I reflect upon one of Winston Churchill’s speeches at a Conservatives’ conclave at Manchester back in 1904. And he says: “…I contend that for a nation to try to tax itself into prosperity is like a man standing in a bucket and trying to lift himself up by the handle.” I think nothing could be truer! A syndrome we still suffer from, here in India, in spite of the measures taken ever since the days of our economic liberalisation in 1991.
So, it is highly positive, in my view, of the government to form last week a taskforce to come out with recommendations on a new tax code targeted to: a) widen the tax base; b) improve compliance; and c) afford ease of doing business. I am looking also for: i) global in its design; and ii) stability in rates say, over a five-year period so that planning of projects and structuring of ownership can be made more meaningful.
Now, before I come to my takes on the taskforce I thought it best to set the context first.
Canons of taxation
It is fundamental to any good tax regime to comply with the following four canons of taxation of Adam Smith: a) equality b) certainty c) economy and d) convenience. Our new tax regime needs generous doses of all four, even after the 56 years of the current one.
We do not seem to be satisfying the “equality” clause well because our indirect taxes are far higher in proportion of what ideally it should be; for example our direct to gross indirect tax ratio is only 30 per cent compared to 67 per cent of the OECD and 55 per cent of the BRICS. This means inequality – the rich and the poor pay the same tax to a much larger extent. In terms of economy, 1 per cent of our population holds 60 per cent of our wealth (and it’s on the increase!), and our tax-to-GDP ratio is only around 12 per cent against the 34 per cent of the OECD and 27 per cent of the BRICS. Just consider this: 20 per cent of our GDP is outside the direct tax net and another 20 per cent qualify for exemptions, that leaves 60 per cent – and with an average tax incidence of 30 per cent, direct taxes should actually be around 18 per cent of GDP. Well, it is actually a meager 6 per cent!
Therefore we need graded improvements in each sphere – and that is what I look forward to from the taskforce and the new direct tax code.
I think, first the tax regime has to be insulated from politics and lobbyists. As a precursor for putting in an honest and effective code, first an independent fiscal council has to be in place with representatives from government and industry, far away from reaches of politics and powerful lobbies, much in line with what happens in the rest of the developed world. In this, I must say, I am squarely disappointed with the government’s orders to shelve the recommendations of the N K Singh committee on fiscal consolidation, conveniently out of the way for the next and last budget of this government.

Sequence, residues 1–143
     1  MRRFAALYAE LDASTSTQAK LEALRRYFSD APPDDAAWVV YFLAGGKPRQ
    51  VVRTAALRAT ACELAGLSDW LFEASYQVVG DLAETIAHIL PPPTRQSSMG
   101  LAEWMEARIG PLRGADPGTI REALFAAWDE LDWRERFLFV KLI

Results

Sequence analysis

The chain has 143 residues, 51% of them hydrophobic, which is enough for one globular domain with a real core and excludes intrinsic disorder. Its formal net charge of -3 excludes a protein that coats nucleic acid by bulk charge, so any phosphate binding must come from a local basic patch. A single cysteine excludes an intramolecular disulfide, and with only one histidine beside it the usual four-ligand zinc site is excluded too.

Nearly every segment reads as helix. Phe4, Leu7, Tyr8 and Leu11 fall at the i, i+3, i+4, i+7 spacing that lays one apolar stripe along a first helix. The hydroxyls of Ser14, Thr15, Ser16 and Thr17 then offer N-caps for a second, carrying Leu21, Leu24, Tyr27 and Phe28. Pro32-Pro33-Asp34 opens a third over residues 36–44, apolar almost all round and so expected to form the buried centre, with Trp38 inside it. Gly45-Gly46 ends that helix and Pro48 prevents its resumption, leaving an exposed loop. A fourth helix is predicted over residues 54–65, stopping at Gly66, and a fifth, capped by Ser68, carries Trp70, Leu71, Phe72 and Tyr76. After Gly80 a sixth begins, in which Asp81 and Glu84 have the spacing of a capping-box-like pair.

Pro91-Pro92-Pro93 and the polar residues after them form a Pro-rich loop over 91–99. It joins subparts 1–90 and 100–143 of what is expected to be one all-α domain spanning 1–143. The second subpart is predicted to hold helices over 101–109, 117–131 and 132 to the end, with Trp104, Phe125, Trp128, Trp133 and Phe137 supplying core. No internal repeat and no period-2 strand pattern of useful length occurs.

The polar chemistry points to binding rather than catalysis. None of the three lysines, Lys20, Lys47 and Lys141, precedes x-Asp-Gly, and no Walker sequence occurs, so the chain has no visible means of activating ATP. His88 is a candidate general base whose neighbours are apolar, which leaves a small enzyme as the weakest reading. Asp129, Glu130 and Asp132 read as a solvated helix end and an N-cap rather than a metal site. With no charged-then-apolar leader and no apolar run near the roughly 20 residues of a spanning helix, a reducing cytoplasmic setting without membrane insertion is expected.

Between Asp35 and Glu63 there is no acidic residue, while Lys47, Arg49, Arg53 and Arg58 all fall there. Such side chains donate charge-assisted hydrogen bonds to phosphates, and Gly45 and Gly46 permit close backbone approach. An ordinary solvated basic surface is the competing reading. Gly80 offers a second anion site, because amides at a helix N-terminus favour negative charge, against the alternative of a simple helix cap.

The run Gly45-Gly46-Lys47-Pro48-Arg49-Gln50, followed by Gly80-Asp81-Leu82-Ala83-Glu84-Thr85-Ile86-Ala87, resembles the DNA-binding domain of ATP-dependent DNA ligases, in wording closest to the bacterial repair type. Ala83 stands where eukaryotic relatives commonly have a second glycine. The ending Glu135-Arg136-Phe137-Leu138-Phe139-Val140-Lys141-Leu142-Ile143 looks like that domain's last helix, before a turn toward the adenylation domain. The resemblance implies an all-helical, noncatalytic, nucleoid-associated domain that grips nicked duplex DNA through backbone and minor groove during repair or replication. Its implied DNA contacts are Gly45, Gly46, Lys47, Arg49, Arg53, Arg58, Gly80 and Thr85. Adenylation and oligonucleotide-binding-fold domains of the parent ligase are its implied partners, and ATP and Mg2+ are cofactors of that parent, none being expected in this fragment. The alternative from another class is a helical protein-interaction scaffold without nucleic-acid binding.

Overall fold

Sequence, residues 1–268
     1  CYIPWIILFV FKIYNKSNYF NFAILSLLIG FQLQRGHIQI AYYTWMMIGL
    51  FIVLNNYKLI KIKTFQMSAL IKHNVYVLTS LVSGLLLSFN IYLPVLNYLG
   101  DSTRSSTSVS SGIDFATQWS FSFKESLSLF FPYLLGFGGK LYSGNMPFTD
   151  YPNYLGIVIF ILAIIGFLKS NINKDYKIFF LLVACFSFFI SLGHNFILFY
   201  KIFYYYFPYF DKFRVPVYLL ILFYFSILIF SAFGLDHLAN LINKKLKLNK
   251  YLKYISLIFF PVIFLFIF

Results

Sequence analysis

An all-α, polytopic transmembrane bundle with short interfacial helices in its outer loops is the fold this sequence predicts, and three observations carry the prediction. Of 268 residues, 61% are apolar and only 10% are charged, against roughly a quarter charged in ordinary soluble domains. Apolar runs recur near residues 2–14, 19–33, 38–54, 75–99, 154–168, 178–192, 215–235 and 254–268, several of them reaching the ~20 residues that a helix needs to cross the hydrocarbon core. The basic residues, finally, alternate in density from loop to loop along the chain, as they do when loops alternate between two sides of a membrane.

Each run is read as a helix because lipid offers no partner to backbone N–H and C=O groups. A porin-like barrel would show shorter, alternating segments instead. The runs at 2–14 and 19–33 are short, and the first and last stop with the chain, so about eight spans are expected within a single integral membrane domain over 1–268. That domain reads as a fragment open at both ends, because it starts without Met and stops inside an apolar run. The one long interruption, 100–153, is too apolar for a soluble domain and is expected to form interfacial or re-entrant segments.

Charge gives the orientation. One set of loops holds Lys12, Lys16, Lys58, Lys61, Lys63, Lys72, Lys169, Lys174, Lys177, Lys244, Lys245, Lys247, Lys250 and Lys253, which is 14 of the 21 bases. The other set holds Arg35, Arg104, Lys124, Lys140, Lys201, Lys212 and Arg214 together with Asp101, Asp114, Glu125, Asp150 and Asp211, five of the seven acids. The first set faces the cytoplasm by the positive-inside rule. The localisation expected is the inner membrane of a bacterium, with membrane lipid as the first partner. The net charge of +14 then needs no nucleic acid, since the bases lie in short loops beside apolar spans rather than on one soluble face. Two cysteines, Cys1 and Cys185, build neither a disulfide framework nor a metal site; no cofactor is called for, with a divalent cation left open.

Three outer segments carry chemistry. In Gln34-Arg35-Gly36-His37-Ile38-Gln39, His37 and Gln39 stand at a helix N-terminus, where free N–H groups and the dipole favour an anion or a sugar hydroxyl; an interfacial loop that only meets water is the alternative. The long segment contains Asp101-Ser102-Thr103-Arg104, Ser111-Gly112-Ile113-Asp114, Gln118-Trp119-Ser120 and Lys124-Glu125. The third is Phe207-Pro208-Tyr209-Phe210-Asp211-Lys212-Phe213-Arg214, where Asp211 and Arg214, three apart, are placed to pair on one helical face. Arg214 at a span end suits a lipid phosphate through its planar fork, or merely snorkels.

You can’t scrape the surface saying ‘we brought these and those reforms’. Through that we may improve our ratings, never our economy! Remember, we are still at an abysmal per-capita income (142nd position among 187 countries), a high corruption index (76th of 176 countries), a highly adverse world happiness index (122th of 155 countries), and we stand at 97th position among 117 countries on the global hunger index. These are the agenda of the day, I think, in every structure that is conceived on any serious subject.
Tax on farming
Our tax regime therefore has to bring under its ambit agriculture, that is 15 per cent of our activities. There is hardly an apolitical reason to allow it free. Amend the Constitution and place agriculture on tax – yes with the revenue – afford better irrigation, warehousing and logistics, plant protective and plant nutrients and increase yields!
Secondly, huge rich trusts perennially get away from taxes. My take here is: do away with all exemptions of trusts and also do away with the so-called mandatory CSR contributions. These schemes invariably foster opacity in round routing of money back and forth. Third, do away with exemptions on contributions to political parties as also income of political parties – tax each rupee of these multibillionaire behemoths! Fourthly, tax capital gains as normal income. With reduced rates that’s perfect logic! Fifthly, scrap the ‘Hindu undivided family’ as an entity. I am sorry, but we have grown up in an ambience which sees tax structuring as a seeming tool for incentivising charity and priorities or for fulfilling arbitrary and illogical electoral promises! But why should it be so? A tax structure, according to the canons, is meant to generate revenues in a way which is “equitable, economically sound, certain of accrual and convenient to administer” – that’s it!
Sixthly, on this same logic again, why should there be a tax on private sector employees’ pensions, that accrue out of annuities from post-tax savings. It clearly violates the canon of equality in my view!
Lastly, with lessening of exemptions and thresholds, the tax base would increase exponentially at the bottom of the income pyramids and then rates can be drastically reduced. Only then can we say we comply with Smith’s classic canons of taxation.
My last point is on ease of payment of taxes: the canons, Smith referred to as “convenience” and “certainty”. The recent World Bank’s ‘ease of doing business’ rankings say that we stand at 119th position among 190 countries on ‘ease in paying taxes’! Cut harassments in the process, abhor retrospective amendments which seem to denigrate the system itself – these do not portend well of our tax policies, internationally, I am afraid.
With a positive direct tax code in place, GST tariffs should be reduced to maybe a single, lower (normal) rate and one higher rate for sin goods, that’s all. That, I think is the roadmap for ‘equality’. Let’s not ‘try and lift the bucket by its handles whilst standing inside it’!